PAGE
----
Gambling in Latvia to resume from tomorrow

Gambling Latvia Return

Regulated gambling in Latvia is set to be allowed to return from Tuesday 9th June, after a bill to end the country’s state of emergency was passed.

The Latvian parliament (Saeima) had signed an emergency bill on 22nd March in the midst of COVID-19, with gambling temporarily suspended as a result. 

Although it was made clear that land-based outlets such as casinos would close, rules surrounding online gambling weren’t as obvious. 

A couple of weeks later it was confirmed that iGaming would also not be allowed for the time being. However, with the country opening up again, the emergency bill is no longer needed. 

Not everybody wanted gambling to return 

Saeima agreed to pass new legislation ending the Baltic country’s state of emergency on 5th June. However, some individuals wanted gambling in Latvia to remain forbidden for an extended period. 

Krišjānis Feldmans, Linda Ozola and Gatis Eglītis of the New Conservative Party were the three who opposed the return of on and offline wagering. However, their suggestion was rejected.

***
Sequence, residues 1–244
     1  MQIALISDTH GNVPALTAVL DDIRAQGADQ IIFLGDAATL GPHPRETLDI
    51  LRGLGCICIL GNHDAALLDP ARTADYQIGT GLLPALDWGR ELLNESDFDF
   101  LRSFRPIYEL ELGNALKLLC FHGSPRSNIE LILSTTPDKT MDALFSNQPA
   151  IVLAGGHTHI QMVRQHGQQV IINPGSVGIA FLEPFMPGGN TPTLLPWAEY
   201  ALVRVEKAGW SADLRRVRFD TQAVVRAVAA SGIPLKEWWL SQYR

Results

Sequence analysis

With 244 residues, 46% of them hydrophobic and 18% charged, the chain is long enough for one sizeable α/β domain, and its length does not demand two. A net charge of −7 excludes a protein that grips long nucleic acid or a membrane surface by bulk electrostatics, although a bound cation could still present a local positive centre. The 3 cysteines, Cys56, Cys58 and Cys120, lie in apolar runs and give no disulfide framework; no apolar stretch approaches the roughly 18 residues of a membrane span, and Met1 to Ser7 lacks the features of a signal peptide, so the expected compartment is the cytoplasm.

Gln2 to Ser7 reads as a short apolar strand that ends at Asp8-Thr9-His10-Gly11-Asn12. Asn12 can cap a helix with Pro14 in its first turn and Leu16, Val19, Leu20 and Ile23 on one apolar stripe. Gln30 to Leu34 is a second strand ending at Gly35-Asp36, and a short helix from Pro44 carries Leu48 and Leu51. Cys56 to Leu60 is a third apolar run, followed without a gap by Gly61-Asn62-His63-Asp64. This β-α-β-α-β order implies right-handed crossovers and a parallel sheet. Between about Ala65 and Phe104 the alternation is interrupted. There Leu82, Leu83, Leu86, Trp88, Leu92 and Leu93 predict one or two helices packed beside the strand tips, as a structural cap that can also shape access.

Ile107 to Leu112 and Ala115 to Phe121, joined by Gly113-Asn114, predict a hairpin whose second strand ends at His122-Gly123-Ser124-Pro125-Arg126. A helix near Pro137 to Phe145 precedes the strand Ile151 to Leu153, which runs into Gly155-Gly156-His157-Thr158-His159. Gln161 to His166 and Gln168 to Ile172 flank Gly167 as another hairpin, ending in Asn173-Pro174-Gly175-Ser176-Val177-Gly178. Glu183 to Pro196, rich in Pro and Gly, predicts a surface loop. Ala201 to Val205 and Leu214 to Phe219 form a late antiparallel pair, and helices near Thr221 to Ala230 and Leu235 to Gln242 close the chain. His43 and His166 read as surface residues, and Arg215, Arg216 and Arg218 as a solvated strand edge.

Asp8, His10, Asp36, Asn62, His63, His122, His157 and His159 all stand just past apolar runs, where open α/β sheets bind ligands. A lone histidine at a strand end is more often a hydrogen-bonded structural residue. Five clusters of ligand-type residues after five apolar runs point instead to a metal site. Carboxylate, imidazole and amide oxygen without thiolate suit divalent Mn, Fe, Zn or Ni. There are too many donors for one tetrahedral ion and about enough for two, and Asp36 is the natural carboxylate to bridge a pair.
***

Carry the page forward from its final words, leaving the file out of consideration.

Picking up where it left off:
Many were critical of the emergency bill too 

To operators with a regulated presence set out in May to challenge the government’s suspension. Enlabs and Alfor Group both argued that the temporary legislation went against both EU and national laws. 

The Latvian Gaming Business Association was also critical of the government’s decision. In a retail gambling sense, they argued that businesses had the appropriate measures in place to keep customers safe. 

Along with the appropriate safety measures for preventing the spread of the virus, the LGBA also believed that operators would be able to address the possibility of problem gambling. 

Latvia relatively unaffected by COVID-19

Compared to other countries in Europe, Latvia felt little in terms of an impact from the novel coronavirus. At the time of writing, 1,081 cases and 25 deaths have been reported in the nation of 1.92 million people. 

Last month, the country reopened its borders with neighbouring Lithuania and Estonia to create a “pandemic travel bubble”. Residents of the three countries have since been able to visit one another with restrictions. From those living elsewhere, however, a mandatory 14-day quarantine was enforced.